Carney's Chance to Quell Speculation on Future Comes in Grilling
(Bloomberg) -- Mark Carney will have his chance to put speculation about his future as Bank of England governor to rest when he faces lawmakers on Tuesday.
The U.K. parliament’s Treasury Committee’s session is billed as seeking evidence on BOE policy and its most recent economic forecasts, but it’s Carney’s own future that is currently dominating the headlines. The Canadian is in talks about staying in the role beyond his planned departure date of June next year, according to a report by the BBC on Monday.
A government spokesman on Monday played down the prospect, saying Carney still plans to leave his role in 2019, and the BOE and the Treasury declined to comment.
Without clarity from Carney, that seems unlikely to quell the chatter. Speculation that he needs to stay on to ensure stability after the U.K.’s March exit from the European Union, or that the Treasury is struggling to find a replacement while it focuses on Brexit negotiations, has ramped up even as Carney himself repeatedly denied his plans have changed.
The governor will face the U.K. parliament’s Treasury Committee at 1:15 p.m. in London, alongside Chief Economist Andy Haldane and external policy maker Silvana Tenreyro.
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They’ll likely discuss their Aug. 2 decision to raise interest rates for the second time in a year and new forecasts, which predict growth of just 1.4 percent this year. Inflation, the U.K.’s weak productivity and sluggish pay growth are also likely to feature.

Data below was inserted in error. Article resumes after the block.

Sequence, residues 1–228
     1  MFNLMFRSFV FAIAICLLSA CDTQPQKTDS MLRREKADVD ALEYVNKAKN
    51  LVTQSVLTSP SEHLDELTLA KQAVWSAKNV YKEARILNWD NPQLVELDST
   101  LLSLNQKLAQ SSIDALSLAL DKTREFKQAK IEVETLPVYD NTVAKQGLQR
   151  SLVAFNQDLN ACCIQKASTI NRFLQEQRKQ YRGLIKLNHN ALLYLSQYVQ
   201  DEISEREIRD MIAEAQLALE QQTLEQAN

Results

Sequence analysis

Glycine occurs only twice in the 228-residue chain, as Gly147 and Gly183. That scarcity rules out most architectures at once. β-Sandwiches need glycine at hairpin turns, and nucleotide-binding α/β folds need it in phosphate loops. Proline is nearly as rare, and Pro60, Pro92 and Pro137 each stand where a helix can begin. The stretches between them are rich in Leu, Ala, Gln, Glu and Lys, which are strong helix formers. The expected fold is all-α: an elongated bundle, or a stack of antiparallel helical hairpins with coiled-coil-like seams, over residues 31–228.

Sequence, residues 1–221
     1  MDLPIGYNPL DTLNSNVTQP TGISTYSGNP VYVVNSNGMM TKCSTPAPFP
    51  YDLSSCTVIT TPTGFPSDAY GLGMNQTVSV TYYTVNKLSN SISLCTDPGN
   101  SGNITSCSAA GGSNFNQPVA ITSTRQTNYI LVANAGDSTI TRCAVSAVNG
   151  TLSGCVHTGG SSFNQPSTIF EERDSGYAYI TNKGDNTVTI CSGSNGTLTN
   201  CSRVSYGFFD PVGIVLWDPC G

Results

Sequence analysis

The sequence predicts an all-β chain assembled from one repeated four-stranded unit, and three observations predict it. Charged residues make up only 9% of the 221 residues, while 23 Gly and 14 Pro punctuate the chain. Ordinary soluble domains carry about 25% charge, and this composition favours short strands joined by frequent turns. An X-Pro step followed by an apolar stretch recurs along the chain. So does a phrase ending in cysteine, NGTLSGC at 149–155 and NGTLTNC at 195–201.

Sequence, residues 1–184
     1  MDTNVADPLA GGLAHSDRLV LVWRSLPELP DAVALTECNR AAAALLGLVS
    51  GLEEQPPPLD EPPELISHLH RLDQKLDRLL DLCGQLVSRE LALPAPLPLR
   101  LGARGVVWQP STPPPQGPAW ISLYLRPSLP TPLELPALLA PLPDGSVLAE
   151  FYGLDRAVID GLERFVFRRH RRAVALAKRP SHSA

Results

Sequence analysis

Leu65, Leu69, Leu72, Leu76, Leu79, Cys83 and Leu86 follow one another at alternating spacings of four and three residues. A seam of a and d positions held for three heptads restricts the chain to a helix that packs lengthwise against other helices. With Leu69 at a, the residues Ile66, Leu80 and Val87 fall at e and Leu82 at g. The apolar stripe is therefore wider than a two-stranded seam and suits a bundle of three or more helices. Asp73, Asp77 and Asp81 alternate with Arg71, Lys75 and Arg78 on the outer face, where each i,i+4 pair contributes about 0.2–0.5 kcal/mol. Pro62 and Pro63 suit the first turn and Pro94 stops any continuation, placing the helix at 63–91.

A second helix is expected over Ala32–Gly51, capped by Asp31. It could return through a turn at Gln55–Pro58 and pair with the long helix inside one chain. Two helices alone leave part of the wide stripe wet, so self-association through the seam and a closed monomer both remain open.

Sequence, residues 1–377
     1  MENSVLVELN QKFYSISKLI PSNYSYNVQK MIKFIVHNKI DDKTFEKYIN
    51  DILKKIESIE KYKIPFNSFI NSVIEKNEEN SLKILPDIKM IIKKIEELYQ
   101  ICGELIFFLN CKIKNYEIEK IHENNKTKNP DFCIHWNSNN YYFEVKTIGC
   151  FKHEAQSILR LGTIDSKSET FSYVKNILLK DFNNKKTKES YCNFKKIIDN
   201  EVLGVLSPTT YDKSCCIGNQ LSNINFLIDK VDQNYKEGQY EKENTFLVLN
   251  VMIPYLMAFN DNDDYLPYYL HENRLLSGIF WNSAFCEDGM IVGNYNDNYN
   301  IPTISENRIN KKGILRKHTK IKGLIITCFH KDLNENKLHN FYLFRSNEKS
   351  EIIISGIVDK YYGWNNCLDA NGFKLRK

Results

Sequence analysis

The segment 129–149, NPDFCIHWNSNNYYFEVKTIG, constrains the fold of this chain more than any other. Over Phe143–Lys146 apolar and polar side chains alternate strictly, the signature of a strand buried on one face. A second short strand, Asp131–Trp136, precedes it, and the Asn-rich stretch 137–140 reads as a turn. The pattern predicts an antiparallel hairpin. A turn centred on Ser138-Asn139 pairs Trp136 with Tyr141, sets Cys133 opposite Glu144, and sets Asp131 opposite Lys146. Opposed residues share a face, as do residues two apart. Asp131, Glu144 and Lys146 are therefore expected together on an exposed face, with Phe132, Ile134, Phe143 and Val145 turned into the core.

Carney’s tenure has been unorthodox from the start. He was appointed to the role in late 2012 after previously saying he wasn’t interested in the job, and initially said he would serve just five years of what is usually an eight-year term. Following Britain’s 2016 Brexit vote, he agreed to remain in place an additional year to the end of June 2019, to help steer the BOE until the government had completed negotiations.
The lawmaker committee, which oversees the work of both the Treasury and BOE, has never shied away from using its regular sessions to ask tough questions of Carney, sometimes leading to fiery exchanges.
Asked about controversy surrounding his previous extension by lawmakers in 2016, he justified his decision as being taken “out of a sense of responsibility.” He also said that he wished to limit how much longer he would stay due to it requiring him to be separated from his family in Canada.
Former BOE policy maker Adam Posen, president at the Peterson Institute for International Economics, played down the need for any extension.
“Governor Carney is very distinguished. I understand it would be nice to have continuity, but any of the other reasonable candidates would be just as good,” he said in a Bloomberg Television interview. “Brexit presents a unique challenge for the U.K. economy and the bank. It’s better if it’s not about one individual negotiating their position, it’s about the bank or the committee’s position.”
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